Green juices

Green juices

I love a green juice as much as any other health conscious person (something about the colour that psychologically feels superiorly healthy). However, given the fuss around them in recent years you couldn’t be blamed for thinking they were some sort of elixir for eternal youth and a life free of disease!

Most gourmet juice companies talk about enzymes, phytonutrients, antioxidants and ‘clean food’, which is just the oddest term with little nutritional relevance. Many also offer ‘juice cleanses’, which I will happily say I don’t agree with, but for those that swear by them and genuinely feel better after them then go for it, in the short term they won’t do you any harm (although I would be starving and not very nice to be around).

My view is; why not focus your health kick on putting as much good stuff into your body from a range of (solid) foods that include healthy fats, veggies, nuts, seeds and wholegrains whilst cutting down on the baddies such as processed foods, booze and sugar. Better still, whilst your at it, why not adopt a few of these healthy eating habits for the long-term instead of quick fixes and the illusion that somehow purging your body will correct the damage done by an unhealthy lifestyle (especially if you just return to that way of living afterwards). The irony is that ‘cleanses’ tend do be done by people who are already very healthy.

Sugar is also used as a marketing tool to demonise fruit juices like orange and apple, in favour of green veggie juices. Sugar has received much bad press recently, and rightly so as we now understand the effect it has on health when eaten in large quantities (heart disease, inflammation, obesity, oral health). Fruit juice got caught up in the exposure, particularly as the liver breaks down fructose, too much of which can lead to a build up of fat (fatty liver), elevated blood fat and bad cholesterol, insulin resistant tissues and increased free radical damage. Most of this damage though is caused by excessive consumption and particularly high fructose corn syrup which is the main sweetener used by manufacturers in certain countries (especially the United States). A daily glass of fruit juice as part of a balanced diet poses little harm to your health and a good dose of vitamin C.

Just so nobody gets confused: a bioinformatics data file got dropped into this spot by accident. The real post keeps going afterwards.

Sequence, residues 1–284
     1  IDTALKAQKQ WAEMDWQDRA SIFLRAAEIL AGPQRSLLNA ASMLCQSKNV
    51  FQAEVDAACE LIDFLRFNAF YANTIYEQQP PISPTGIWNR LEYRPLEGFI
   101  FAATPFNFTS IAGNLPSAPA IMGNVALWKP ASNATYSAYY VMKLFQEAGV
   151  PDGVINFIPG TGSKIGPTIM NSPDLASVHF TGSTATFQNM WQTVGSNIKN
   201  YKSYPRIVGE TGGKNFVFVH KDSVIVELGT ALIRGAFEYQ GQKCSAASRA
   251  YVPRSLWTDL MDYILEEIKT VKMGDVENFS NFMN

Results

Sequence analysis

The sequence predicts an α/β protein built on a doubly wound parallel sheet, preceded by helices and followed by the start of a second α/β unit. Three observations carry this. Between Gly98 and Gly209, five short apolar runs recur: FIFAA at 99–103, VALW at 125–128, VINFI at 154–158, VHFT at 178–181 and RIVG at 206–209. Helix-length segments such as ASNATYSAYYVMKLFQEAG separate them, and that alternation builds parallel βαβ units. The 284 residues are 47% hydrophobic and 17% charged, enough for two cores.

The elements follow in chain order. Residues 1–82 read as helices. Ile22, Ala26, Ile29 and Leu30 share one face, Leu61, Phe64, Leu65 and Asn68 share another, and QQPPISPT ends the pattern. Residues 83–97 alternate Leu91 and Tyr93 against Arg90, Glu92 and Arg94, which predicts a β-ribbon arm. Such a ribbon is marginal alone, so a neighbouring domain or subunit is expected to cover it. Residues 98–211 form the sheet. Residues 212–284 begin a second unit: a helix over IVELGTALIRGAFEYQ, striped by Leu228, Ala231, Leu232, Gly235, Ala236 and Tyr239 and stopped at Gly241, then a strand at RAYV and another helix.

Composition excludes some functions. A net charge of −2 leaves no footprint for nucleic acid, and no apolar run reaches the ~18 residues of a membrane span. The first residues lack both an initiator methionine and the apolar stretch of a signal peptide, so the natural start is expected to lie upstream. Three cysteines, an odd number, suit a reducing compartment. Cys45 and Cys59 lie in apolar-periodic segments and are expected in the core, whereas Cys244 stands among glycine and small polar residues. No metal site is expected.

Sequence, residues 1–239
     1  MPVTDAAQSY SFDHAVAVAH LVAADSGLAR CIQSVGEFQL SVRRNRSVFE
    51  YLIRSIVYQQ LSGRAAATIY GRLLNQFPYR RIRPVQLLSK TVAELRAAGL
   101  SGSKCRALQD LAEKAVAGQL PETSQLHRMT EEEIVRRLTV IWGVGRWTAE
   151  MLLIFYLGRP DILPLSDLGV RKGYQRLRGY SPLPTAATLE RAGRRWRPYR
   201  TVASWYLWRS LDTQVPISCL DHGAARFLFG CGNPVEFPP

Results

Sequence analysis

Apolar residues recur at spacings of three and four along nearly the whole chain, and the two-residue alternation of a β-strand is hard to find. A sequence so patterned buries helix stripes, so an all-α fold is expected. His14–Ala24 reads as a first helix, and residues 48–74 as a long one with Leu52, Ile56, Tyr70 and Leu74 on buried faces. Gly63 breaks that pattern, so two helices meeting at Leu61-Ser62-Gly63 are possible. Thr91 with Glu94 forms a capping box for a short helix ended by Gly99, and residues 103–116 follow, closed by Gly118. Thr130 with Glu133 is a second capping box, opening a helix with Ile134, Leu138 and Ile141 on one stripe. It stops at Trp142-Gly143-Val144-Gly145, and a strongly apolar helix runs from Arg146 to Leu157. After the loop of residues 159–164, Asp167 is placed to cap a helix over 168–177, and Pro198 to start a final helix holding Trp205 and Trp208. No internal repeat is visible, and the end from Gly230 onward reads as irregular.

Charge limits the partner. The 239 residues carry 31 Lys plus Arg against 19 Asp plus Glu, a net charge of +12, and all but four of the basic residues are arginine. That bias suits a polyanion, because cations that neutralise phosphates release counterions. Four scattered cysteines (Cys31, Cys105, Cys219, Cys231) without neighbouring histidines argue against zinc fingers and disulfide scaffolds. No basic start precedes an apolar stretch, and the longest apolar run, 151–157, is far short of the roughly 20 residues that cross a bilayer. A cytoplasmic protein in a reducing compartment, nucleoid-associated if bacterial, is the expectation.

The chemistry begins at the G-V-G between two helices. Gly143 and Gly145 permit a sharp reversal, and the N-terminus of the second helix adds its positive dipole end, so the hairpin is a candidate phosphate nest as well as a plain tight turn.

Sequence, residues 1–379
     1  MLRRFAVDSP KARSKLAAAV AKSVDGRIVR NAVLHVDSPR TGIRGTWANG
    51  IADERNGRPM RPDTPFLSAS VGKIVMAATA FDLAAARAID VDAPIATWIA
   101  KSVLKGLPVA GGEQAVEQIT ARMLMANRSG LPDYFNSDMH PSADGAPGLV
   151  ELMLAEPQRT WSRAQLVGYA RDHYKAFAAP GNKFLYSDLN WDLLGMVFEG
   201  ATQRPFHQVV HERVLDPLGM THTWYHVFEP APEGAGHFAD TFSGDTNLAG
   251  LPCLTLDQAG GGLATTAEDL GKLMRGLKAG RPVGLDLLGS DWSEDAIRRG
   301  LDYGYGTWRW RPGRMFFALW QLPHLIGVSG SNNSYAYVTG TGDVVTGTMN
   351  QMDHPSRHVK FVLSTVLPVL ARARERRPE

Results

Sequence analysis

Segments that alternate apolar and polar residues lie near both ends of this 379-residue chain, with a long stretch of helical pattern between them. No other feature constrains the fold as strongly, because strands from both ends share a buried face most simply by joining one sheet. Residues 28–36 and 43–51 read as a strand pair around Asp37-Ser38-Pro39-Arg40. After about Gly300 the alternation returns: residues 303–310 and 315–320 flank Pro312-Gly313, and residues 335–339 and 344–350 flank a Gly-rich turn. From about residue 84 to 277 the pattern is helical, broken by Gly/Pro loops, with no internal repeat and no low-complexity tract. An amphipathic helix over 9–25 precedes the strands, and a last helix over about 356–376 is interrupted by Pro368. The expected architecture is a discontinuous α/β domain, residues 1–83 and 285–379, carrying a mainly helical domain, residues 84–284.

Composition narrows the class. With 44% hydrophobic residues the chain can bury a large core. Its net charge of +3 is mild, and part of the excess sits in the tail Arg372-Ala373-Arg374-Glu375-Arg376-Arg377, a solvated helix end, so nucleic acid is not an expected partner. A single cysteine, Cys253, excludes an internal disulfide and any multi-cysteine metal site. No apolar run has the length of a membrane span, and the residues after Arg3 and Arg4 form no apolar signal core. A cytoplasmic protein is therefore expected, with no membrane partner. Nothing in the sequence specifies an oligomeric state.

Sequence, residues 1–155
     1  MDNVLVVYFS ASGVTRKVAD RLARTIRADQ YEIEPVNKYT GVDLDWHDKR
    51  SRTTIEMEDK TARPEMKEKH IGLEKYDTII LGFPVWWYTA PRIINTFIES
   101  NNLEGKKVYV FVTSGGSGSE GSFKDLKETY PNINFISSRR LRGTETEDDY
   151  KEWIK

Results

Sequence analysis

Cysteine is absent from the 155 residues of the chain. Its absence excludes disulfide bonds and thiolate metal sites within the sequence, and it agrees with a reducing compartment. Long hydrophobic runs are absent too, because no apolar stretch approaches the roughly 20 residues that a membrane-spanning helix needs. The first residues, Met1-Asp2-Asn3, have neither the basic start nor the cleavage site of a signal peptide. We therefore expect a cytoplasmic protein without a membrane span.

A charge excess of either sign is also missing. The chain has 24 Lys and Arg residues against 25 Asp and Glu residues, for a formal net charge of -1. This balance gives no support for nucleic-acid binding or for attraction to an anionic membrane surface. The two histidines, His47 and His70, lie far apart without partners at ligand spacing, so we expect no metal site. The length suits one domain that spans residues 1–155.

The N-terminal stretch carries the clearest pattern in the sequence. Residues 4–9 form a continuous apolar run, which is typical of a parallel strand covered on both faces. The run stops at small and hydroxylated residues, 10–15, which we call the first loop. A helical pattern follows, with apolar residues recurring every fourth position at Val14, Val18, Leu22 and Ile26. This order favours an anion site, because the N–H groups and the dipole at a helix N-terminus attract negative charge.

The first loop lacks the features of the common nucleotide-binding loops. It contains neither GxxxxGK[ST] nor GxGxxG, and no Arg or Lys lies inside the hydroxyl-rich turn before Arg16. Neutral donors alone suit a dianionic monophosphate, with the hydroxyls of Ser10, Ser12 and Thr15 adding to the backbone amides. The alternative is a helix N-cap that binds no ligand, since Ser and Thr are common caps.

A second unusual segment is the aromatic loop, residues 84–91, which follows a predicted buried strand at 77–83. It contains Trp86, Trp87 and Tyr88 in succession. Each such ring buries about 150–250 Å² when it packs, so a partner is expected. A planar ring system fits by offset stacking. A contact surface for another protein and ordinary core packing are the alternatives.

Many juice companies also talk about the difficulty in eating enough fruit and veg on a daily basis, and whilst the new research suggests we should increase our intake nearer to 10 servings each day, a juice is still only classed as one serving given the removal of fibre. A serving of fruit or veg is actually not that big at 80g and can easily be notched up across the day.

Breakfast: yoghurt with berries, juice (2)
Snack: hummus with carrot and pepper sticks (2)
Lunch: vegetable and lentil/bean soup, fruit salad (3)
Snack: dried fruit/nut bar (1)
Evening meal: chicken stir-fry (3)

As a rule of thumb:

Half a large fruit or veggie (grapefruit, avocado, courgette, pepper, carrot)
One medium fruit (apple or pear)
Two small fruits (tangerine or plum)
Three dried fruits (apricots, figs, prunes) or one small handful (sultanas)
One handful of beans and pulses (red kidney beans, butter beans, chickpeas)
One handful of larger vegetables (prepared broccoli, cauliflower, squash or sliced cucumber)
One handful of leaves (lettuce, spinach, kale)

See more at NHS choices

I’m definitely not going to start knocking gourmet juice companies (many of whom I know) for what they do; the guys who run them are great and have a genuine interest in health and the juices taste delicious with a nice ‘filtered’ freshness to them. Fresh organic fruit and veg is also expensive and for people that can afford them, they offer convenience. It is worth checking the ingredient list before you buy, there are some brands offering cold-pressed green juices that have very little green veg and over 80% apple juice (that’s expensive apple juice!)

Whilst green juices may contain a wider range of nutrients than boring old orange juice, it’s still just a juice, a glass of which contributes to one of your daily fruit and veg intake. Having recently worked on a juice project I was staggered at the price of some cold-pressed juices on the market but the average cost is around £6.  At this price (£2160 per year) that would buy you you’re own Vitamix, years supply of veggies and a relaxing two week holiday in the Mediterranean so here are a few recipes to make your own green juices at home. You can control the sweetness by adding more or less fruit.

Green goddess juice

Serves 2

90 calories


1/2 cucumber
3 kale leaves (take soft leaf off the stem)
1 small handful coriander
1 lime (juice only)
1 head Romaine lettuce
1-2 apples
Ginger (to taste)

Green aniseed juice

Serves 2

90 calories


1 big bunch spinach
Handful of mint
1 cucumber
1-2 green apples (or pears)
1 fennel bulb
1/2 lemon, juiced


1. Chop ingredients and blend high for 30 seconds.
2. Lay muslin over a bowl, pour in juice then grab the four corners of cloth and squeeze out the juice.

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